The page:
Brethren, I write no new commandment to you, but an old commandment which you have had from the beginning. The old commandment is the word which you heard from the beginning. Again, a new commandment I write to you, which thing is true in Him and in you, because the darkness is passing away, and the true light is already shining. (2:7-8)

The writer begins by giving teknia children instruction not to sin and if they do sin, they have an advocate, Jesus, who is the propitiation for the sins of the whole world. Instruction continues with examples of how they can tell whether or not they know Jesus. If they keep His commands (2:3); keep His word (2:5); walk in His ways (2:6). Each condition is "either or." Either they know Him and keep His commands, or do not keep His commands and are a liar. (The lie is "they know Him".)

Instruction to the brethren follows a similar pattern using light and darkness; a brethren can be in the light or darkness based on love of brother. Hating a brother places one in the darkness, loving in the light. The same "either or" applies with a subtle distinction: the focus is on community. In other words, hatred toward one still results in darkness despite a love for another.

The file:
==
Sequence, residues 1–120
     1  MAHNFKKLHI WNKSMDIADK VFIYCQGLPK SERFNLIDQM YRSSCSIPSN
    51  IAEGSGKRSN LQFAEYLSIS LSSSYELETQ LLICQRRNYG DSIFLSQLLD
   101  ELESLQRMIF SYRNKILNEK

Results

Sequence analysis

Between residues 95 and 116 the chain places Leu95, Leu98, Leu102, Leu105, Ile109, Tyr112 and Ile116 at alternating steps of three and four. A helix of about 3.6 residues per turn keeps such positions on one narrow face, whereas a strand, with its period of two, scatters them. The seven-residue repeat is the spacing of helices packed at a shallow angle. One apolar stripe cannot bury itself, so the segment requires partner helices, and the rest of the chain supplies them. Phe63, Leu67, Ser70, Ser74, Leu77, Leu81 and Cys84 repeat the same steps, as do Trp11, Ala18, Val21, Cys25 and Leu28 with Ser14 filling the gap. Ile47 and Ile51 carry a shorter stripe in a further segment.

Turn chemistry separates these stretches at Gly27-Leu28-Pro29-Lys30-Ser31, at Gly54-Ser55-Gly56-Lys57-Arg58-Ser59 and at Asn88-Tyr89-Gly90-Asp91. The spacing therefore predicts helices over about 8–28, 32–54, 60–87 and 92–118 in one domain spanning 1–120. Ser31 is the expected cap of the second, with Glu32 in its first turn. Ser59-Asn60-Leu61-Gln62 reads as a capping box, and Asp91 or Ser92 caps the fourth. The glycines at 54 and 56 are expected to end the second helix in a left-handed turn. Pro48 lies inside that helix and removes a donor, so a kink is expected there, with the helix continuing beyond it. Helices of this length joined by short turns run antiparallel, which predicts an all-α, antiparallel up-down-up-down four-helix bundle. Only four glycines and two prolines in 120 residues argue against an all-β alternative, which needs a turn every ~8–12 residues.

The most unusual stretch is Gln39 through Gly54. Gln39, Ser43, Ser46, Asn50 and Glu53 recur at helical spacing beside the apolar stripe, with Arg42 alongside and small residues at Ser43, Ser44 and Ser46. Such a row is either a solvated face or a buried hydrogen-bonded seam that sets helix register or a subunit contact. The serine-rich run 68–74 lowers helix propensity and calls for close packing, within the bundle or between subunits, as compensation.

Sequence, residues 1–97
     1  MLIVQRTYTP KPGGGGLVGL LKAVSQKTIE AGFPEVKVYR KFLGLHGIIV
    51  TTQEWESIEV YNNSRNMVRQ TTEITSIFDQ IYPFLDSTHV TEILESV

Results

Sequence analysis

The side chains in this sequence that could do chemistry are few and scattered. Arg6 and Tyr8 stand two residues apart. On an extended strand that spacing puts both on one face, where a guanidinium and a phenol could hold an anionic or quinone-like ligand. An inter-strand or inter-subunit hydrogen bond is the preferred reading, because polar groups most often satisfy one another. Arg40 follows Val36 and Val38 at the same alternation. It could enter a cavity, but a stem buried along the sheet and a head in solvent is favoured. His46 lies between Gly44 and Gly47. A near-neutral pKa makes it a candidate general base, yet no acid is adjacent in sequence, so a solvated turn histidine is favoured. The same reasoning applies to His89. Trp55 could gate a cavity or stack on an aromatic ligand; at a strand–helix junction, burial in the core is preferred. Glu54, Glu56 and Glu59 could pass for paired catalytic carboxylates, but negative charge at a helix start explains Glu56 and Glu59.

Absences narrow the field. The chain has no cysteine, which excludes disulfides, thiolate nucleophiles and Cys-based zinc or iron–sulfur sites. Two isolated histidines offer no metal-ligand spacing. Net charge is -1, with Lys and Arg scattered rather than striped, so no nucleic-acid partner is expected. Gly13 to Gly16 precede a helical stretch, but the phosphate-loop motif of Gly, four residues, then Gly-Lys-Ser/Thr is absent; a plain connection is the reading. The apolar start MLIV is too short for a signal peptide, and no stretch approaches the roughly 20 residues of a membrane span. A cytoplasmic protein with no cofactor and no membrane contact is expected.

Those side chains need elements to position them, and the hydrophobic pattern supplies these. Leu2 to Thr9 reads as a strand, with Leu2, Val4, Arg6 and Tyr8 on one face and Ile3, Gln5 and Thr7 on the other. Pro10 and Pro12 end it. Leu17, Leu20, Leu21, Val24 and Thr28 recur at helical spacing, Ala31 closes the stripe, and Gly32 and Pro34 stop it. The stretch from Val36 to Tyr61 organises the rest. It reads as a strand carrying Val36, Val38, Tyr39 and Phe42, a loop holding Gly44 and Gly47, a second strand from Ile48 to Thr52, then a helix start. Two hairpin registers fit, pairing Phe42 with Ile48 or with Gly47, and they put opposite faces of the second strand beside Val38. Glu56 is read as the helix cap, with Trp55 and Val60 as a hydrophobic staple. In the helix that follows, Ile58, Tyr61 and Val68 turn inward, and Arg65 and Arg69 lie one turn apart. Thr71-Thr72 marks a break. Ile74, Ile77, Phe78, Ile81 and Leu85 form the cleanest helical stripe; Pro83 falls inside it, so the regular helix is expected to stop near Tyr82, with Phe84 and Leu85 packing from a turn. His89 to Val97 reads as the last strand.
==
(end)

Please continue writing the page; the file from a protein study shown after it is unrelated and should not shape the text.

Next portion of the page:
Then English translations give the appearance the repetitive device begins:

2:12 - I write to you little children τεκνία - (teknia)...
2:13 - I write to you fathers...I write to you young men...I write to you little children παιδία - (paidia)...
2:14 - I have written to you fathers...I have written to you young men...

Teknia (little children) is not repeated. It is not part of the structure (it is used a third time at 2:28). Instead the writer uses "little children" paidia in the repeating structure.

Since the writer recognizes two different groups of "little children", teknia and paidia, the overall passage recognizes five groups being addressed. The first is little children teknia (2:1) which is repeated at 2:12 and 2:28. The second (not repeated) is brethren (2:7). Then fathers, young men, and a different type of child, paidia, are used to form the structure.